Both the Dow Jones Industrial and the Standard & Poors 500 indexes made some major gains on Thursday, closing at record highs, as health insurer confidence grew on the heels of the Trump administration scrapping a plan that was supposed to help lower the price of prescription drugs. Also, bond yields helped prop my financial shares.
Indeed, it was the abandoned proposal that really worked magic on the market. The now-abandoned regulatory proposal would have required health insurers to pass on the billions of dollars they receive in rebates from drug makers to Medicare patients.
For example, UnitedHealth shares saw a bump of more than 5 percent after the White House slashed the proposal. CVS Health and Cigna also leaped forward by 4.7 percent and 9.2 percent, respectively.
The Dow Jones average broke 27,000 for the first time in the history of the 30-stock index, growing nearly 228 points (about 0.9 percent) to 27,088.08 on the day. The Dow’s previous breakthrough—26,000—was just last year, in January. Analysts say that this short duration between peaks was largely a result of expectations that the Fed will finally issue a rate cut, a move that will insulate the market from a slowing American economy that is still in a trade war with China.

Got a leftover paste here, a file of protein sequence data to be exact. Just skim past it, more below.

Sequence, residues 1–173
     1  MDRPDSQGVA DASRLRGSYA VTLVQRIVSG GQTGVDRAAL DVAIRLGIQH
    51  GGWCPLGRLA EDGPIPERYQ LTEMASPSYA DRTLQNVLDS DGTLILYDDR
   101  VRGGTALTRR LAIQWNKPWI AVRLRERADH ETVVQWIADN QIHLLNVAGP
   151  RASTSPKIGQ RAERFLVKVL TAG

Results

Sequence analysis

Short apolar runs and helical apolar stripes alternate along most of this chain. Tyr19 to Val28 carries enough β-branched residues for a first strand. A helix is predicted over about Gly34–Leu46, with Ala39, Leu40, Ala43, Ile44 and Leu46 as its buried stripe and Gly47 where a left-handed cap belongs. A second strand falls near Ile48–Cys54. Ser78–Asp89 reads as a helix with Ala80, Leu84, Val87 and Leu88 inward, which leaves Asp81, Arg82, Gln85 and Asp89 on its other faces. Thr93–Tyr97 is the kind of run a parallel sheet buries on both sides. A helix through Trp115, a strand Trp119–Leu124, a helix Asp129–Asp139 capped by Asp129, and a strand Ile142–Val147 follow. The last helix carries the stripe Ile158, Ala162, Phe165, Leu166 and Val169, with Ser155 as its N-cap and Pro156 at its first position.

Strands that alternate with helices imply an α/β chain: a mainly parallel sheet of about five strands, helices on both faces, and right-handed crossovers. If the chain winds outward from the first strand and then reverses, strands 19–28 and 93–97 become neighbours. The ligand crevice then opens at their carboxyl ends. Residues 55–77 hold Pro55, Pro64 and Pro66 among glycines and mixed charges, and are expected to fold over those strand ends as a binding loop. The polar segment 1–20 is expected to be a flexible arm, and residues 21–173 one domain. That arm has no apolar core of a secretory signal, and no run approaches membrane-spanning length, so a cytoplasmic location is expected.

In terms of Dow Jones performers, it appears that Microsoft leads the index, surging at nearly 50 percent around the time the index broke 26,000. Since then, Cisco Systems, Nike, and Visa have all taken a sharp upswing, too.
But the news also affected the Standard & Poors, which also posted a record close on Thursday, climbing 0.2 percent to 2,999.91. This is actually not its record high, as the S&P 500 traded above 3,000 for the first time, on Wednesday.
Of course, the other side of this saw drug maker stocks dive. Merck & Co Inc and Pfizer Inc, for example, both dipped from this. Merck ended the day down 4.5 percent; Pfizer slipped a total of 2.5 percent on the day. In addition, the Nasdaq biotech index was down 1.5 percent, with the S&P 500 healthcare index closed the day flat.